Three signs that I’m still not an adult.

I am 45-years-old which puts me squarely into the category of Middle Aged Adult, but it’s often easy to forget that because there are Things That Adults Do which I have yet to master. Here’s three of them:

1.) Own and display art. My parents weren’t exactly art connoisseurs, but the walls of the home I grew up in had its fair share of artwork — both personal and commercial — along with decorative sculptures or hangings purchased on a whim somewhere along the way. I also have several friends who have various bits of art that compliment their homes nicely.

My apartment has walls bare of anything that isn’t a clock or a calendar or a coffee mug rack. I keep telling myself it’s because I live in an apartment and they have rules on what we can do with the walls, but the truth is that even if I had a house of my own I wouldn’t know what to hang on it. I have no art appreciation skills at all. I don’t go to art museums very often (like once in a decade) mainly because I look at it and utterly fail to understand why it’s of any significance. I can give a generic “I like that” or “that’s shit” comment, but really I can’t think of any painting or sculpture that made me feel anything other than mild disinterest.

2.) Do handyman stuff. Again I like to blame this on living in an apartment, but when it comes to fixing things like my car or hanging up a whatnot shelf I am in way over my head before I even begin. I realized this the other day when the damaged front bumper of my Honda started to rub up against one of the wheels when driving at speed. Someone in our complex backed into our front bumper a little while ago and I’ve not gotten around to dealing with the insurance company to get it fixed in part because it was just ugly and not affecting operation of the car. Being mostly plastic it flexes in the wind and has gotten weak enough that it was banging against the front wheel. Plus the airdam was loose and flapping and occasionally scraping the ground.

I was going to have our mechanic take a look at it, but my cubemate suggested I could just zip-tie it up myself. At which point I explained that I didn’t really have the tools or the space to do it. So he had me go by his place and he did it in about 20 minutes. It’s not a permanent fix, I’ll still have to get it repaired, but it’ll do for now. As I watched him work on it it seemed like a simple enough thing to do, but I’d be damned to say I would’ve known where to start with it myself.

I get the same feeling whenever anyone talks about home maintenance stuff they did over the weekend. “Yeah, I had a busy weekend.” they say, “I mowed the lawn and edged it with the gas trimmer and then I fixed that leaky faucet and painted the trim on the house and built the dog a new dog house with his own wading pool and then I completely stripped down cleaned and rebuilt my truck’s transmission and then patched the foundation near the back garage door that cracked when I dropped my overly huge and manly testicles on it.” To which I’ll reply, “Yeah, I had a busy weekend too. I got a new high score in Call of Duty: Medal of Warfighter Soldier Dude.” They’re always impressed with my accomplishment.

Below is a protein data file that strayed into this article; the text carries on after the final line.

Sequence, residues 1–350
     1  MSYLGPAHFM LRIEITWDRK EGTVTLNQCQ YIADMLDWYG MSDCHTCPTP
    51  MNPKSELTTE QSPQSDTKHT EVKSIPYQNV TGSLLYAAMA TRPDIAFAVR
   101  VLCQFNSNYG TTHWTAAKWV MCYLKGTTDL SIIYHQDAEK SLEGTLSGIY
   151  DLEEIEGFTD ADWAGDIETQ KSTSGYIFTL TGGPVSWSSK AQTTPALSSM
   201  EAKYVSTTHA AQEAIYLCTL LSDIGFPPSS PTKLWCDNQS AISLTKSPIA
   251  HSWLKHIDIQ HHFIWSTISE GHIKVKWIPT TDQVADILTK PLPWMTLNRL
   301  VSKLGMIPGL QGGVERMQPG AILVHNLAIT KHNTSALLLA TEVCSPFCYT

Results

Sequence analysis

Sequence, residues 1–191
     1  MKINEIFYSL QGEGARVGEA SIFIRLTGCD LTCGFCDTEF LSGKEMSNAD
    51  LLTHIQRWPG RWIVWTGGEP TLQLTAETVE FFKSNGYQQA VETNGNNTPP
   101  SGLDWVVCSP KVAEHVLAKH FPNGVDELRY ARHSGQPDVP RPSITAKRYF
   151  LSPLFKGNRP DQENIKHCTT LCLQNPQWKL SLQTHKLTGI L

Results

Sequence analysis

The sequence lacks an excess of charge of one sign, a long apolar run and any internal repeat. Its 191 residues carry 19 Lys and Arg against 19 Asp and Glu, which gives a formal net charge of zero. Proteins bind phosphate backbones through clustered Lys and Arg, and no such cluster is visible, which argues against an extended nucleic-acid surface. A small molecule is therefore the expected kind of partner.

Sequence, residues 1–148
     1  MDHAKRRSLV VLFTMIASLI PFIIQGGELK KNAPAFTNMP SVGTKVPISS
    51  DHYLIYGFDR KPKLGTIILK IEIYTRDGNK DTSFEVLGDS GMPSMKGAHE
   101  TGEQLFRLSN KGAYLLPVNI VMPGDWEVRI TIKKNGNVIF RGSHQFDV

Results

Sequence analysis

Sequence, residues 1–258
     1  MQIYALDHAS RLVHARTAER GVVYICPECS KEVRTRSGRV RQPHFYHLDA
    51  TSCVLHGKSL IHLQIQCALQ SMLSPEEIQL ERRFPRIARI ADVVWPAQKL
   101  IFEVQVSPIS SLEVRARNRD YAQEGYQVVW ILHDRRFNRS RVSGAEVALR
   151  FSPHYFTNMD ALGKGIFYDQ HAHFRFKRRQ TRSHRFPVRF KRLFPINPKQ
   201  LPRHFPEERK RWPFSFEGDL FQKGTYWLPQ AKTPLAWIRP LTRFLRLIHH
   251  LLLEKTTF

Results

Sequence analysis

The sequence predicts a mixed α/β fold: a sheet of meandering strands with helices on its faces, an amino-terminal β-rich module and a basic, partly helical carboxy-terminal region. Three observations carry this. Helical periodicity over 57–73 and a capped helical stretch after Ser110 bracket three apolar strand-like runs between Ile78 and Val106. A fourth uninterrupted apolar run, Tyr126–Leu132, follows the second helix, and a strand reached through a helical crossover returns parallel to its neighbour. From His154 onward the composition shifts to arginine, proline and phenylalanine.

3.) Take vacations where I actually go somewhere. I blame this at least partially on working as a contractor for 20+ years where it is rare the company you work for offers vacation time at all. The few contracts that did usually only offered a week a year and it also doubled as sick time which they called “Personal Days.” Since having been hired as a Real Employee by my current employer I get three weeks a year for time off. This one isn’t entirely my fault as my wife’s job isn’t as good as mine and although she does get time off after working X number of hours, it also “Personal Days” and has to be used for sick time and she doesn’t get as many days as I do. This makes it rare that she has enough time at a time when I have time that we can actually take time off together.

Above and beyond that, however, is the fact that I’m not a very good planner or saver. I’ve not been to Disney World since I was 17 and went with my parents and siblings. I’ve wanted to go back for years and they’ve opened another two whole parks since I was last there (Epcot had just opened the last time). That’s an expensive trip even for just two people and even if we had the time we just don’t have the money. I’m always awed by people like my parents or my in-laws who take real vacations to places other than the living room couch and I often wonder how they did it. Truth is I know how they did it, but I still feel like I don’t know because I can’t seem to replicate it.